November 12, 2015

On November 12, NSPE-PAC Chairman Jeff Elliott, P.E., F.NSPE sent an e-mail to all NSPE members emphasizing the value and importance of NSPE-PAC, the ONLY PAC dedicated solely to promoting the professional engineer. With the 2016 election season kicking into full gear, Chairman Elliott pointed out that despite challenges in Congress in recent years, due to NSPE's devoted membership, proactive advocacy efforts, and your continued support of NSPE-PAC,  NSPE has been able to influence Congress on critically important issues such as drinking water infrastructure, a long-term transportation bill, and the need for licensed PEs to work on federal engineering projects, as demonstrated by the recent Gold King Mine blowout. Learn more about NSPE-PAC and contribute today.

The Gold King Mine disaster and an Ohio bill that requires engineers to make ethics part of their mandatory continuing education underscore the PE’s role in protecting the public health, safety, and welfare. Listen now.

November 11, 2015

On November 9, NSPE President Tim Austin, P.E., F.NSPE, sent a letter to Environmental Protection Agency Administrator Gina McCarthy and the Department of the Interior’s Secretary Sally Jewell urging them to strengthen federal engineering standards by mandating the role of the licensed professional engineer in federal engineering projects. The letter was sent in response to the Department of the Interior’s technical assessment of the Gold King Mine blowout, which found that the EPA could have prevented the blowout that resulted in a three-million gallon toxic-spill.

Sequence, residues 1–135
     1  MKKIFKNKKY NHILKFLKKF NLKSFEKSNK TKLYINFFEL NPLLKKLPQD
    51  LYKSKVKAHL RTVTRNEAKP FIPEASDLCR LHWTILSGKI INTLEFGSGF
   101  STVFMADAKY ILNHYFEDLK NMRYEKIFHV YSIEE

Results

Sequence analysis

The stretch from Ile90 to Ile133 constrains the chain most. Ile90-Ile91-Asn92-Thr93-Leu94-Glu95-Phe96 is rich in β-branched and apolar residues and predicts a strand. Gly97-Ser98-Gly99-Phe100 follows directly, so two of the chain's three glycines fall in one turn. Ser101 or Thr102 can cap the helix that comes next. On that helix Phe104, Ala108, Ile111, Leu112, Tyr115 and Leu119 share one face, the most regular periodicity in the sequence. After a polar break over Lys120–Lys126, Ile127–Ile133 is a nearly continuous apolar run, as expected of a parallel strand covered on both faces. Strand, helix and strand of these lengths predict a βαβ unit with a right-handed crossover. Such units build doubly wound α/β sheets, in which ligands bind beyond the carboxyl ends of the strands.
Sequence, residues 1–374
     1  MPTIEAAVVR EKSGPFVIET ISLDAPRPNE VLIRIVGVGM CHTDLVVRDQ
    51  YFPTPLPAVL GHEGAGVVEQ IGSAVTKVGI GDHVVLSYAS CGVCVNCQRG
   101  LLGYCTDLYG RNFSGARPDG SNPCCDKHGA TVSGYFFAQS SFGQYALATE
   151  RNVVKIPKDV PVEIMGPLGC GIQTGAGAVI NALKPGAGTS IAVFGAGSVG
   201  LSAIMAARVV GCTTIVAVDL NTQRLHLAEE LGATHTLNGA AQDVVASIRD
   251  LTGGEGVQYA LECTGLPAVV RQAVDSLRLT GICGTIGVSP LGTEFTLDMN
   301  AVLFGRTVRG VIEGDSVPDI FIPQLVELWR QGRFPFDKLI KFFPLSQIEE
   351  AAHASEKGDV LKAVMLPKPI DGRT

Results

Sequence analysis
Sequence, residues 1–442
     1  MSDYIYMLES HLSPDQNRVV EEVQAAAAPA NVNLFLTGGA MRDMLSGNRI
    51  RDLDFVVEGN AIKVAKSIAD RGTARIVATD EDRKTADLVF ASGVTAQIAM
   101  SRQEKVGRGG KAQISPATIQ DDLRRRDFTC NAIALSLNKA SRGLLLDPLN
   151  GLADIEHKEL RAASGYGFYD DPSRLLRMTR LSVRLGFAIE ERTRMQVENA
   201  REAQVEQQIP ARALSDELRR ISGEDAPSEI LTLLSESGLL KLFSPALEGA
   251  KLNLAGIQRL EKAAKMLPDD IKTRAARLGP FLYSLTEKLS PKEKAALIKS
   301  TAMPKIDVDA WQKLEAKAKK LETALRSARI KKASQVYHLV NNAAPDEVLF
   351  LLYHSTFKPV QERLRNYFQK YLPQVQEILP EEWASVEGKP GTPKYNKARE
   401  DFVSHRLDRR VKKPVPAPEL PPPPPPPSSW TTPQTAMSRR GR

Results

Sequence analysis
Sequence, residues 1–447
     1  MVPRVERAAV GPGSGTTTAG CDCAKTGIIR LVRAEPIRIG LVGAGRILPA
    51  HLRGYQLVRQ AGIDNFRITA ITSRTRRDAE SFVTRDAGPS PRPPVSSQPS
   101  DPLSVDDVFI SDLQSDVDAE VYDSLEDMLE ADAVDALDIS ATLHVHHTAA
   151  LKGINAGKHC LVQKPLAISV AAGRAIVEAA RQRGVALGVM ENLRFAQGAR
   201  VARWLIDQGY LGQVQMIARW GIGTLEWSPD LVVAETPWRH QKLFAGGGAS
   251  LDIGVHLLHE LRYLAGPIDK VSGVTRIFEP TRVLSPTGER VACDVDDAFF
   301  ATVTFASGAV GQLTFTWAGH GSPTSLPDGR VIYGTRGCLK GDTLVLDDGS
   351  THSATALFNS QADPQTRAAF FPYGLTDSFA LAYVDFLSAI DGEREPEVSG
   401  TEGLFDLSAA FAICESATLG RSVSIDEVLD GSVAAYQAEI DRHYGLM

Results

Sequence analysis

November 9, 2015

On November 4, NSPE successfully secured full support from the American Association of Engineering Societies to endorse NSPE’s recommended changes to the World Federation of Engineering Organizations’ proposed Model Code of Practice. At its core, this is a thoughtful document on an important issue: how to address the increasing challenges posed by climate change to infrastructure resiliency. However, the standards and provisions within the draft document could establish a new standard of care for professional engineers that far exceeds their existing duties and responsibilities.

October 28, 2015

On October 22, the Department of the Interior released the findings of its independent investigation of the Gold King Mine blowout on August 5. The Bureau of Reclamation (BOR) led the technical evaluation and coordinated with the Army Corps of Engineers and US Geological Survey for peer review of the work performed by the bureau. The evaluation team included six engineers, four of them licensed professional engineers.

The findings revealed that the blowout could have been prevented with the proper engineering expertise. However, federal standards of practice for reopening and remediating flooded inactive and abandoned mines are inconsistent from one agency to another. Various guidelines exist for this type of work, but there is little in actual written requirements that government agencies must follow when reopening an abandoned mine.